Encouraging news is also emerging from Wales. Lions captain Alun Wyn Jones shoulder injury is not quite as bad as it could have been. The big lock is hopeful of making a recovery in time to rejoin the squad, the next few weeks will be crucial, but how wonderful it would be to see the 35 year old back in a Lions shirt before the tour ends.

Victory For Wounded Lions In Edinburgh

Lions traditionally symbolise power, strength, and protection. The Japanese symbol of a lion is often associated with places of worship, where you may find a pair of lion statues guarding the entrances to shrines or temples. These are often referred to as ‘lion dogs’, and are believed to ward off evil spirits.

On Saturday at Murrayfield East met West in Lion parlance, as Japan faced the British and Irish breed, it may not have been a roaring success, but the boys from the land of the rising scrum once again gladdened our hearts with their wonderful brand of rugby.

As the British and Irish variety head to South Africa the contrast in opposition they face in the Republic could not be more stark, but the sheer joy of the seeing the Blue Brave Blossoms and the Scarlet British & Irish Lions running out in the Edinburgh dreich was worth every lateral flow test I had to gag my way through last week.

The Lions fans created a sea of red, or at least a river, but sadly it was for the last time on this tour, what a loss they will be to the game, the team and the South African economy.

One of the biggest fears with warm up games of this nature is potential injury, and our fears were realised as soon as the 7th minute, when Lions captain Alun Wyn Jones left the field with his arm hanging loosely by his side , in our heart of hearts we knew this big game hunter’s tour was over, and so it proved to be.

Minutes later Justin Tipuric became another tour missing shoulder dislocating casualty, and as the Edinburgh skies brightened, the celebration mood in the stands dampened.

Josh Adams scored the Lions opening try after 11 minutes followed by Van Der Merwe on 20 minutes before Robbie Henshaw’s 24th minute try. Biggar converted all three to give the Lions a 21-0 lead at half time.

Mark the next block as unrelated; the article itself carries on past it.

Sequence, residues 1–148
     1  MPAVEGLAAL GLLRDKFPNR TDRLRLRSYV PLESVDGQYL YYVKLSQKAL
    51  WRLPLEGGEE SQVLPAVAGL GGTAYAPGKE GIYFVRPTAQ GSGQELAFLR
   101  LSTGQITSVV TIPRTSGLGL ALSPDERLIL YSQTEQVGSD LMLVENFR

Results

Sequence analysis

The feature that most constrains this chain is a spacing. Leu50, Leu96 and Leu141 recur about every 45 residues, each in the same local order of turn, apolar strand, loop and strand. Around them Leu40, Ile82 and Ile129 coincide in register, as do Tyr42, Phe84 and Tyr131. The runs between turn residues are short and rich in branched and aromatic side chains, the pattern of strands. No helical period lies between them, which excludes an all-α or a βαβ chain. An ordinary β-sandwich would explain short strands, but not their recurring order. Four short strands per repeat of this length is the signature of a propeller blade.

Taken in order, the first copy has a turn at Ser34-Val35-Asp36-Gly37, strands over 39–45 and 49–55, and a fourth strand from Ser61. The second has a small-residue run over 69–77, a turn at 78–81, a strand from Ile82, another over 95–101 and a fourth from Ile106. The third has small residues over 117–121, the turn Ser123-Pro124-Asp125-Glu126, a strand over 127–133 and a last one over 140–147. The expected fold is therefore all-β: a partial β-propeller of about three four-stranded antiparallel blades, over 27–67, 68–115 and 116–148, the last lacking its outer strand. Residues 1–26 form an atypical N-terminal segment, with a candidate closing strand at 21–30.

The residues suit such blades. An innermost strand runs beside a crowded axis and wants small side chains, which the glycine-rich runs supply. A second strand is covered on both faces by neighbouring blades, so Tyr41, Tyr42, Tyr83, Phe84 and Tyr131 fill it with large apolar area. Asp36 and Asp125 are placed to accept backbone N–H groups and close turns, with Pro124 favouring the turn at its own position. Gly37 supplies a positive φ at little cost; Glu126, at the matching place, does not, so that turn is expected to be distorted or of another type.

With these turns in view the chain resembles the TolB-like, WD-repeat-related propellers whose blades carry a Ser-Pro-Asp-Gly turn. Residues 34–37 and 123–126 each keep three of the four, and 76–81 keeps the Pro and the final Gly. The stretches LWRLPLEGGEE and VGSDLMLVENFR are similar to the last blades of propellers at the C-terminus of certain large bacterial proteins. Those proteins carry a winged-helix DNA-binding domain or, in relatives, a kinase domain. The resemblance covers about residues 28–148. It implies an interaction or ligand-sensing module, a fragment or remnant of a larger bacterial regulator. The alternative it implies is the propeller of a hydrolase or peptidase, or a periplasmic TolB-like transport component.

The Lions only try in second half came in the 49th minute when Tadgh Beirne touchdown, the faultless Biggar once again added the conversion.

With the Lions leading 28-0 a 61st minute try from Himeno, converted by Tamura, who also added a penalty seven minutes later, put Japan on the scoreboard, and proved to be the final score of the game.

A 28-10 victory witnessed by 16,500 fans after we have all gone through during the last 15 months is something we should treasure, it is such a shame that it was marred by the injuries to Jones and Tipuric.

In the wild a Lions roar can be heard from 5 miles away, the groans that emanated from Edinburgh last night when the leader of the pack went down extended much much further.

La Rochelle The Atlantic Wall

I’m beginning to discover that living by the sea gives you an outlooking attitude.

The rhythm of the waves and the ebb and flow of the tides have a marvellously calming affect.

Staring out to the horizon the mirage effect of the sea reaching the sky brings out the poet in me, and my mind conjours up pictures of the French rugby folk going about their daily business, just as we do, but maybe with a touch more style.

Having just moved to East Sussex I am now actually nearer to France than London.

As I look out to sea after my morning coffee, the next landfall is La Touquet, or there abouts, and my French rugby connections feels just that little bit stronger.

Just 147 miles away from my Sussex home, in Lille, the Top 14 semi finals took place last Friday and Saturday evening.

The victors La Rochelle and Toulouse meet in Paris on Friday in the Top 14 Final. For Toulouse it will be their 28th final having won it 20 times. In stark contrast this will be Stade Rochelais first appearance in the showpiece event.

The script would dictate that La Rochelle after the heartbreak of losing the Heineken Champions Cup at Twickenham, against Toulouse, will exact revenge and return home to celebrations that will probably last all summer.

But when has rugby ever stuck to the script ? 16,000 lucky fans will find out at Stade de France in a few days time.

à bientôt

Will It Be Third Time Lucky For Harlequins Women ?

Sunday April 29 2018, with 81:16 on the clock Quins are on the attack, trailing 24-20, they have recovered from a poor first half with tries from Holly Myers, Jess Breach and a touchdown from Debs McCormack that has given them all the momentum.

As they mount a final attack, just one score and the Premiership title will be theirs, one bounce of the ball, one refereeing decision could change everything, but a knock on just outside Saracens twenty-two brings the game to an abrupt and gut wrenching end.

That blustery icy cold day at Ealing will never be forgotten by Quins and their fans, or indeed by this correspondent.

The team and management vowed, almost immediately, that they would return for the 2019 final, which they did, but an uncharacteristically flat performance resulted in defeat, which meant that for the second year in succession the title was won by Saracens.

No Premiership final took place in 2020 due to the COVID pandemic, so here we are again in 2021 for yet another Harlequins v Saracens final.